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"Even if it is a garden you know by heart
there are twelve months in the year
and every month means a different garden,
and the discovery of things unexpected
all the rest of the year."
~ Margery Fish from We Made a Garden, 1956

jan | feb | mar | apr | may | jun | jul | aug | sep | oct | nov | dec

• Fertilize evergreen lawns; do not fertilize summer grasses such as Bermuda, Centepede, and Zoysia.

• Treat lawns with a per-emergent herbicide to prevent winter weeds and weed grasses.

• Early in the month place Christmas Cactus in dim light and let the soil dry. Water sparingly and keep on the dry side until mid-November so new buds will form and bloom for the holidays.

• To force Amaryllis to flower for the holidays, bring potted plants inside to force into dormancy. Cut off the leaves approximately 2" above the bulb. Place in a dark place at room temperature or slightly cooler and do NOT water the plant during its dormancy. After about five weeks or longer, about four to six weeks before you want it to flower, return the bulb to a sunny area or place it under plant-growing lights. Replace the top inch or so of soil and a bit of bone meal. Water the plant, and get ready for a new cycle of bloom.

• Cut off spent flower heads from garden Phlox.

• Weed flower beds and borders to prevent the spread of weed seeds.

• Purchase spring-flowering bulbs while selections are good. Store Lilies and Tulips in the refrigerator until late November.

• Plant spring-blooming bulbs such as Chionodoxa, Crocus, Daffodil, and Scilla. Caution: Do not plant Lilies or Tulips this month.

• Plant Perennials such as Daylilies, Echinacea, Hostas, Shasta Daisies, Siberian and Bearded Iris, Peonies, and Phlox.

• Divide spring-blooming perennials.

• Transplant seedlings of Biennials such as English Daisies, Foxglove, Forget-me-nots, and Pansies into their permanent locations.

• If you didn't plant seeds earlier and have transplants ready, purchase and plant English Daisies and Pansies for winter color.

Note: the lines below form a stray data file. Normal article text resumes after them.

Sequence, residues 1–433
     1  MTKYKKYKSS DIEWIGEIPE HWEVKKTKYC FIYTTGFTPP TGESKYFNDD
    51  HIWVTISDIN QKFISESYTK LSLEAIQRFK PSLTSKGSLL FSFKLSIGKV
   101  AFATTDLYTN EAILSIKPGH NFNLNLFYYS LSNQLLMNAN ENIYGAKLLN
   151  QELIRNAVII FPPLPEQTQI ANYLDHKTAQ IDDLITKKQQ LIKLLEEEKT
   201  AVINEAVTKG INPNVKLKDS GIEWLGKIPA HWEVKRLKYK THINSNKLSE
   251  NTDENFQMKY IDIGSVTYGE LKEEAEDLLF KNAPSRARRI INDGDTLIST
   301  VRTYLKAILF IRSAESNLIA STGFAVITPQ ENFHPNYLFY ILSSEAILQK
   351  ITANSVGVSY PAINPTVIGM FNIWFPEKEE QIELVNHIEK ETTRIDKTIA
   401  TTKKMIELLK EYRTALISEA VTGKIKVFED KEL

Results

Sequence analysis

• Bring Tropical plants that have been outside for the summer indoors before they are damaged by the cold. Check them first and treat for insects before bringing them in.

• Repot plants that have outgrown their containers before bringing indoors using a light, well-draining potting mix.

• Disbud Dahlia for larger flowers.

• Buy potting soil for "WinterSowing" while it is still available.

• Make cuttings of garden plants such as Begonias, Coleus, Geraniums, and Impatiens you want to overwinter indoors.

• Propagate evergreen shrubs. Dip cuttings in a hormone powder, place in sandy soil, and water well. Cuttings should be rooted by spring.

• Clean up and remove dead plants or plant parts to eliminate over-wintering shelter for insects and diseases.

• Keep cutting the lawn, but raise the blade a bit since summer grasses need a protective covering of foliage during the winter.

• Look for all kinds of interesting seed pods and fruit for use in fall decorations.

• Pick green tomatoes before first frost.

• Label Chrysanthemums and Dahlias for next year's propagation.

• Remove mulch from Hostas. Voles love Hosta roots!

• For colorful indoor blooms, start potting up pots of bulbs to be forced indoors.

• Leaves packed against the trunks and stems of trees and shrubs can cause damage and also provide protection for voles, so keep them raked.

• Make a compost pile. Two is better since leaves make take two years to decompose.

• Add leaves to the compost pile.

• Late in the month is a good time to buy deciduous trees and shrubs and broadleaf evergreen foundation plants.

Monthly To Do Lists

jan | feb | mar | apr | may | jun | jul | aug | sep | oct | nov | dec

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